TRIPOLI, Nov 6 (Reuters) – Payments problems, chaos and
corruption are hampering Libyan importers from making big deals
to buy wheat, another setback as the country spins out of
control two years after dictator Muammar Gaddafi was toppled by
rebels and NATO warplanes.
In the latest disruption, the biggest wheat importer Mahatan
Tripoli, which supplies most of the capital’s bread, says it may
have to put off its next major wheat purchase unless the state
starts paying it nearly $100 million owed for previous imports.
TRIPOLI (Reuters) – Libyan militia fighters on the government payroll fought each other with rifles, grenades and anti-aircraft weapons on the streets of Tripoli on Tuesday in the worst clashes in the capital in weeks.
No one was killed, but the fighting underlined how Libya’s government is finding it harder to contain former fighters and Islamist militants in a country awash with weapons two years after Muammar Gaddafi’s fall.
TRIPOLI (Reuters) – Heavy fighting between militias using rifles, grenades and anti-aircraft weapons erupted in several parts of Tripoli on Tuesday in the worst violence in the Libyan capital for weeks.
Fighting started in Tripoli’s eastern Suq al-Juma district and a central area where two burned out pick-ups belonging to a militia on the government payroll could be seen. Libyan news websites said at least one person had been wounded.
TRIPOLI, Oct 29 (Reuters) – Gunmen rob millions from Libya’s
central bank. Boatloads of protesters storm an oil terminal like
pirates. Tribesmen block a port – and contradict the prime
minister when he tells the nation it will reopen soon.
Libyans have become accustomed to chaos in a country flooded
with weaponry where militias and tribes call the shots, two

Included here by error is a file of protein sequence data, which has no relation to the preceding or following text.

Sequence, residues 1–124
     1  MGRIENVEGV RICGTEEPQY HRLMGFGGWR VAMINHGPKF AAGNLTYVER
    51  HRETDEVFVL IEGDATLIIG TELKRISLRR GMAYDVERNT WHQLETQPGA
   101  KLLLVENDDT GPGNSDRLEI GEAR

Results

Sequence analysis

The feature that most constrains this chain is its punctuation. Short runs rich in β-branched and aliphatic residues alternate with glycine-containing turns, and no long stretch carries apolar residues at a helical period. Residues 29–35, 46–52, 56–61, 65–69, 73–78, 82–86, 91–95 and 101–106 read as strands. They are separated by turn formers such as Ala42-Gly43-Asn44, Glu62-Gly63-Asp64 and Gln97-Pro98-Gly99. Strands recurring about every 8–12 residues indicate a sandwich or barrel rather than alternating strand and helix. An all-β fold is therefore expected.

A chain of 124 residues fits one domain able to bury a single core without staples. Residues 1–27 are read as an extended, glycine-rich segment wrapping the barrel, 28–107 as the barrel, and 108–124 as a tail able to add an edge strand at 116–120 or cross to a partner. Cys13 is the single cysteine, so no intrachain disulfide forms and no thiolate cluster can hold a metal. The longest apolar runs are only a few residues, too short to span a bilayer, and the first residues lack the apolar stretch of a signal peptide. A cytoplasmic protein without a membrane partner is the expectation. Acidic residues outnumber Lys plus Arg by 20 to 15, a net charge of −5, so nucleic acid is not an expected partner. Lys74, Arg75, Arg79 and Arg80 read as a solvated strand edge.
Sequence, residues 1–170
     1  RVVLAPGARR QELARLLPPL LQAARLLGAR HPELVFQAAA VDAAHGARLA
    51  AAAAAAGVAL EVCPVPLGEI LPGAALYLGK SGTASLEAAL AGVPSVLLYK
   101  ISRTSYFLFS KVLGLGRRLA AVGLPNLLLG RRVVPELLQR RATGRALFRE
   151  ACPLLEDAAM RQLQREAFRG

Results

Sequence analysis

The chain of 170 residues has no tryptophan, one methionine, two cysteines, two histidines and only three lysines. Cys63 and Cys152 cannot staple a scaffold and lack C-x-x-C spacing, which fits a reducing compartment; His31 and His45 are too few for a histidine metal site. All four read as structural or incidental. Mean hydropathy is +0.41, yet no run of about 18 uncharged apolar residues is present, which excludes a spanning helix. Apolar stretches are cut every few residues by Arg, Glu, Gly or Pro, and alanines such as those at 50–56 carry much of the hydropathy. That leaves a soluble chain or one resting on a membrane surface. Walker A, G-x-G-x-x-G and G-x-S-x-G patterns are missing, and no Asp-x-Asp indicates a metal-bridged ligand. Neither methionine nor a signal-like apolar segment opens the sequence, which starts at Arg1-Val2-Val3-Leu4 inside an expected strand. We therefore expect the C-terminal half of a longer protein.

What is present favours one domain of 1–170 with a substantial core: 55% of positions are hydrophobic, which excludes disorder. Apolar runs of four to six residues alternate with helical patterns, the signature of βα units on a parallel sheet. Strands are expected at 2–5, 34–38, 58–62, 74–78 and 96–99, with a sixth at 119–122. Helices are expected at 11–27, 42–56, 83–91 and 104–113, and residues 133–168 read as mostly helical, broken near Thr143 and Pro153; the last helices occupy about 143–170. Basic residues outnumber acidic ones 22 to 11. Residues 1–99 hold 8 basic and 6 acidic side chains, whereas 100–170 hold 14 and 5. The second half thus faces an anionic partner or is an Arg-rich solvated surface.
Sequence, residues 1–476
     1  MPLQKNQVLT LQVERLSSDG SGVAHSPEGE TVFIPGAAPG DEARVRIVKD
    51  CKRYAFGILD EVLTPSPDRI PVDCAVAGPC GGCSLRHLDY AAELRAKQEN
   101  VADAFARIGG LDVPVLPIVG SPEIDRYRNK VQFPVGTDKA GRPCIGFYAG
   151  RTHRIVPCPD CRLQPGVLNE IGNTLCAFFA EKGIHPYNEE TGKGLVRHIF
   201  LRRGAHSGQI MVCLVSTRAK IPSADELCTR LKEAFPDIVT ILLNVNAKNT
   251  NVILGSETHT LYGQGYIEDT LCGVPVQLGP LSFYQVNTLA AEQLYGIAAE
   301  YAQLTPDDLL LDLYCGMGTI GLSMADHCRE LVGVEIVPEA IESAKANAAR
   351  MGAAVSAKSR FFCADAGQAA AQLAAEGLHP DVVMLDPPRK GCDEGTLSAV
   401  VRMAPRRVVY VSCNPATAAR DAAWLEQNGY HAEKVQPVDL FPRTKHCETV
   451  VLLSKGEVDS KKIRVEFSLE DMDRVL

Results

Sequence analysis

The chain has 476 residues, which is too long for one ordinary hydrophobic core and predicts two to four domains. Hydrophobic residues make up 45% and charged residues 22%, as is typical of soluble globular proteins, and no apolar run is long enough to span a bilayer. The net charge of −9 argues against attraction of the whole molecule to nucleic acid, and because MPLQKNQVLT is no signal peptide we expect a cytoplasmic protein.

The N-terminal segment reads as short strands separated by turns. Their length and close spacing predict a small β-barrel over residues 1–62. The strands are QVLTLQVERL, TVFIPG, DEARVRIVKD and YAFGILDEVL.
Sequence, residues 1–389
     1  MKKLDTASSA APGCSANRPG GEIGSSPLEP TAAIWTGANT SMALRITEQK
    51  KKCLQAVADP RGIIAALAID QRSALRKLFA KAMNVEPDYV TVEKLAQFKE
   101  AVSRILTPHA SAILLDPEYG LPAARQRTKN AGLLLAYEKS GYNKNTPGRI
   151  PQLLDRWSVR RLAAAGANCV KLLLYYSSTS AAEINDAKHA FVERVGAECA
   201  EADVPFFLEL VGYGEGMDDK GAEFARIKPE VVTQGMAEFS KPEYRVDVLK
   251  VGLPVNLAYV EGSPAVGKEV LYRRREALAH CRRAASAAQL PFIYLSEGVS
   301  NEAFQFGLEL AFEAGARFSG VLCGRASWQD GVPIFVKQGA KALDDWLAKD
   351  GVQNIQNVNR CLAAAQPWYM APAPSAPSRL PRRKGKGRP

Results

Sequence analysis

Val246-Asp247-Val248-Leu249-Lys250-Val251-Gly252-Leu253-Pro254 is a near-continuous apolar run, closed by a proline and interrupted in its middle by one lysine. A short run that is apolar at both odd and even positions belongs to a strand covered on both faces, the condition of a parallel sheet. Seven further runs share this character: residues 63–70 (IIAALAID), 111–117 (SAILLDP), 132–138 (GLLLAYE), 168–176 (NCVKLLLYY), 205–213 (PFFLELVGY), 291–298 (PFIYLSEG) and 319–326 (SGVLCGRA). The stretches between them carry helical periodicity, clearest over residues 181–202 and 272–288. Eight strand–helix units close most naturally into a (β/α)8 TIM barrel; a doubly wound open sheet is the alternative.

years after NATO bombing helped rebels topple Muammar Gaddafi.
LONDON/TRIPOLI, Oct 28 (Reuters) – Libya’s efforts to end a
three-month stranglehold on its oil industry were dealt a
significant blow when exports dropped to 20 percent of capacity
following new protests at the weekend at major western fields
The OPEC producer’s crude oil exports have fallen to less
than 250,000 barrels per day, according to Reuters calculations,
compared with a capacity of around 1.25 million bpd and around
500,000 bpd earlier this month.
TRIPOLI (Reuters) – Libya is considering the sale of a steel plant and eight other state companies as part of efforts to overhaul an inefficient industrial sector, a government minister said.
Outside its wealthy oil sector, Libya’s economy is hampered by inefficiency, a lack of private capital and bureaucracy, the legacy of decades of state control during the era of Muammar Gaddafi.
BREGA, Libya, Oct 27 (Reuters) – For Libyan militia leader
Ibrahim al-Jathran, shutting down half the country’s oil
production with an armed militia is not a crime, it is the start
of a just battle for a fair share of country’s petroleum wealth.
From his base near the Mediterranean oil terminal of Brega,
the 33-year-old war hero from the uprising against Muammar
Gaddafi has taken control of the main oil ports to demand more
autonomy and oil for his eastern region from faraway Tripoli.
TRIPOLI (Reuters) – U.S. firm Marathon Oil (MRO.N: Quote, Profile, Research, Stock Buzz) will continue operating in Libya after giving up plans to sell its stake in Waha Oil Company, Oil Minister Abdelbari Arusi said on Saturday.
Two years of turmoil after the overthrow of leader Muammar Gaddafi, as well as tough contract terms, have prompted oil companies to reassess their role in the North African country, but the government has been keen to keep them.
TRIPOLI (Reuters) – When gunmen snatched Libyan Prime Minister Ali Zeidan from his Tripoli hotel last week, it was a rival armed militia he thanked for his rescue hours later.
Even for Libyans accustomed to their democracy’s unruly beginnings, the drama at the Corinthia Hotel was a startling reminder of the power former fighters wield two years after they ousted Muammar Gaddafi, and the dangers of their rivalry.
TRIPOLI, Oct 18 (Reuters) – When gunmen snatched Libyan
Prime Minister Ali Zeidan from his Tripoli hotel last week, it
was a rival armed militia he thanked for his rescue hours later.
Even for Libyans accustomed to their democracy’s unruly
beginnings, the drama at the Corinthia Hotel was a startling
reminder of the power former fighters wield two years after they
ousted Muammar Gaddafi, and the dangers of their rivalry.